On further reflection, it’s hardly surprising that improving welfare leads the fishes to perform better. The same holds true for any type of animal: If you treat a dog better, it is less likely to develop some sickness. Even with humans, it’s clear that a child that was shown care and compassion is much more likely to flourish than one shown abuse and neglect. The farmers we work with intuitively grasp this fact, and they usually want their fishes to flourish more than anyone. Yet their desire to change is not enough—farmers often lack the resources and the know-how to improve the welfare of their fishes.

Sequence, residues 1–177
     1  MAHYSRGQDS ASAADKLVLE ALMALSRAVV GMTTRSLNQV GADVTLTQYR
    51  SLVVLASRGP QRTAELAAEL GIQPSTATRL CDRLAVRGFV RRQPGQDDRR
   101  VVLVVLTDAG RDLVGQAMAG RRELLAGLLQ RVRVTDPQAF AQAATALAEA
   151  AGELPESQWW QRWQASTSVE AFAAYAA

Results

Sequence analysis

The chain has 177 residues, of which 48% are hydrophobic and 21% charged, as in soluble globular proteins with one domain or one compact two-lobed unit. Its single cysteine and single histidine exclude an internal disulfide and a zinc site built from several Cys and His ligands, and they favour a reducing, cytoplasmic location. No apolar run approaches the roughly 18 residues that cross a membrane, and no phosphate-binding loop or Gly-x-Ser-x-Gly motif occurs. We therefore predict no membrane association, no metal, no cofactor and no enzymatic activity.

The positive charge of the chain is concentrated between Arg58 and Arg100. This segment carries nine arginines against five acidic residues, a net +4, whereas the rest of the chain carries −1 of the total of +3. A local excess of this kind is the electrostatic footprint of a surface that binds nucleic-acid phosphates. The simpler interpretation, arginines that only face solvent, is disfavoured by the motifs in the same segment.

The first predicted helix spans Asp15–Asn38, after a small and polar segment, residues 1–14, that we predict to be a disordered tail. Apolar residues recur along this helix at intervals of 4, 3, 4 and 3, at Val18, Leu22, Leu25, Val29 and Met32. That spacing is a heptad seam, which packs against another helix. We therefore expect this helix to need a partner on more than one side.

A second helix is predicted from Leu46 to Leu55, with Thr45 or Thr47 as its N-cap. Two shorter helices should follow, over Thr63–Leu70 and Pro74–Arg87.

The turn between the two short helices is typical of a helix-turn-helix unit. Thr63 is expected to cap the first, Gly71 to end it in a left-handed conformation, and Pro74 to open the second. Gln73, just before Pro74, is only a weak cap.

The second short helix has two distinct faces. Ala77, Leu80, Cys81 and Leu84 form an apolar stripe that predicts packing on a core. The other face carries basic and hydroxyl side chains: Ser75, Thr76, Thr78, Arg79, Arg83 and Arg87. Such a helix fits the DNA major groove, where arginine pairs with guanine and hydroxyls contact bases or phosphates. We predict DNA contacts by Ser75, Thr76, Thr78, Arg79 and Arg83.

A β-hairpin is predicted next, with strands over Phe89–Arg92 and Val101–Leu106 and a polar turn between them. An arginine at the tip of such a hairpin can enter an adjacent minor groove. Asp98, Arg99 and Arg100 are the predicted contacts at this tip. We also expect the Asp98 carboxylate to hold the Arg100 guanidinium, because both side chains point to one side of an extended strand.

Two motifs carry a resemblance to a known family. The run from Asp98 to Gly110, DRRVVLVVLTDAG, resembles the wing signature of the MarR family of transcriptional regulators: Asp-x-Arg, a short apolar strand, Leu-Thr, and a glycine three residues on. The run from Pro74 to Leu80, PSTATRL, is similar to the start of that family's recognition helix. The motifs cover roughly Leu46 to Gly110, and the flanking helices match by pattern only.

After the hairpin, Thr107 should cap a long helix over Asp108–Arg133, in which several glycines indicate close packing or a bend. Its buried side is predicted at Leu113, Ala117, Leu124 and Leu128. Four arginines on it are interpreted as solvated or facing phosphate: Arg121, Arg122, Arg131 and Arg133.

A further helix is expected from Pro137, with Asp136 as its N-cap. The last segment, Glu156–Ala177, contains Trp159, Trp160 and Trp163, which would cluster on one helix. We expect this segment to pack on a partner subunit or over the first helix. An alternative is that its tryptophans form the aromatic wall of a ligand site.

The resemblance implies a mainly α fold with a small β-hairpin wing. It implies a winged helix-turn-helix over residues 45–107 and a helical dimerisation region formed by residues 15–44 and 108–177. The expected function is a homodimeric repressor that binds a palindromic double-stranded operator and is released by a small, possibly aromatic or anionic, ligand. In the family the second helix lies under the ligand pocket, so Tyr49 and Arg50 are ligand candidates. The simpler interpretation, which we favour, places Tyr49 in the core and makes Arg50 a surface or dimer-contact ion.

With these challenges in mind, we’re proud to announce the launch of the Alliance for Responsible Aquaculture, a coalition of fish farmers and local NGOs in Andhra Pradesh with an objective to improve aquaculture by improving animal welfare standards. Our NGO, Fish Welfare Initiative India Foundation, and the other NGOs are providing free-of-cost water quality testing and regular consulting to participating farmers, who in turn are raising healthier, “happier” fishes. We are also working to establish market linkages to help higher welfare fishes fetch a price premium at market, just as with organic produce today. We’re currently beginning work in the Nellore and West Godavari districts, and encourage any interested producer or collaborator to reach out.